The Human Dimensions of Natural Resources Management
The importance and value of “provisioning fisheries” in the Great Lakes
Around bridges, shores, and piers, people often observe new citizens or racial minority groups fishing year-round and keeping everything they catch because they rely on fishing as an important source of nutrition. It may also be part of their identity or a sense of belonging in a new place. However, this is often hearsay and very little research has been dedicated to better understand this sub-population in order to better support their needs and preferences, and promote more inclusive fisheries management practices.
The Human Dimensions of Shore-Based Sharking Fishing in Florida
Fishing involves high levels of human-wildlife interaction and may sometimes be harmful to vulnerable species such as the Great hammerhead shark. Shore-based shark fishing can occur from any shoreline and is very accessible to diverse people. It is thus importantto understand who participates in this fishery – their behaviours, motivations, perceptions –so we can support promotion of best practices and conservationof vulnerable species.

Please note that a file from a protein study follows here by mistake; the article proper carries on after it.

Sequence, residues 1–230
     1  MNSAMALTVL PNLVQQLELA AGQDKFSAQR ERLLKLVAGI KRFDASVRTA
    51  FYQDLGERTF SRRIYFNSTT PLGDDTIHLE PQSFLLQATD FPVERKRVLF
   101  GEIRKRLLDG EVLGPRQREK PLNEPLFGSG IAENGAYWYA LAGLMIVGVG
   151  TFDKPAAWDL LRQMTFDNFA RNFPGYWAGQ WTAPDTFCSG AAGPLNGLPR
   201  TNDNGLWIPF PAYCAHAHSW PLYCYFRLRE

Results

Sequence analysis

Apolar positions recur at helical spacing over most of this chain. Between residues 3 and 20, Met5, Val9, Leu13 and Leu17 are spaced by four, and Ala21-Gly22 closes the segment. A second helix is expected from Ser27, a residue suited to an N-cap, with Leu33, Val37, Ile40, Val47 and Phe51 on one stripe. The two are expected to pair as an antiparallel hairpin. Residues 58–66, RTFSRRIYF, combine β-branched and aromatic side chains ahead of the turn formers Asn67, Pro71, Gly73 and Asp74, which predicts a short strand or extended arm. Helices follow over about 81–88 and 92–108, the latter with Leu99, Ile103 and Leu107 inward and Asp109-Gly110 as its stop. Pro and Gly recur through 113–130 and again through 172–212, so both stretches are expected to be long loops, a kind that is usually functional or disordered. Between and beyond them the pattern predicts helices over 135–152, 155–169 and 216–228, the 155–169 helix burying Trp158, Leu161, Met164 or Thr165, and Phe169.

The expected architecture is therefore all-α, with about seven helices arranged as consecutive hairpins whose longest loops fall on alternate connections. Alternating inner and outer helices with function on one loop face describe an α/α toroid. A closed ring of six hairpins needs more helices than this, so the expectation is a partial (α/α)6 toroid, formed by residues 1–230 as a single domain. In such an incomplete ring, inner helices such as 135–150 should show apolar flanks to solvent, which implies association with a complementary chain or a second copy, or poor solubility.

Perceptions of Pink Salmon as Non-native Species in Norwegian Rivers
Non-native pink salmon have started to spread into Norwegian rivers potentially competing with culturally and economically important native species such as the Atlantic salmon, and disrupting recreational fisheriesthat supports economic growth for small communities. In partnership with NORCE, we aim to understand angler perceptions, preferences, and behaviours relative to potential increases of pink salmon in the futurein order to provide recommendations for fisheries management.
In the case of sea lampreycontrol in the Great Lakes, anecdotal evidence from regulators, scientists, representatives of advocacy groups, and members ofIndigenous communities suggests that a good deal of skepticism and opposition to existing control methods is present within Indigenous communities, and that this may pose a serious challengeto sea lamprey control efforts in the near and long terms. Working in direct and ethical partnership with Indigenous communities, we hope to bring Indigenous methodologies and perspective to inform ongoing sea lamprey controls.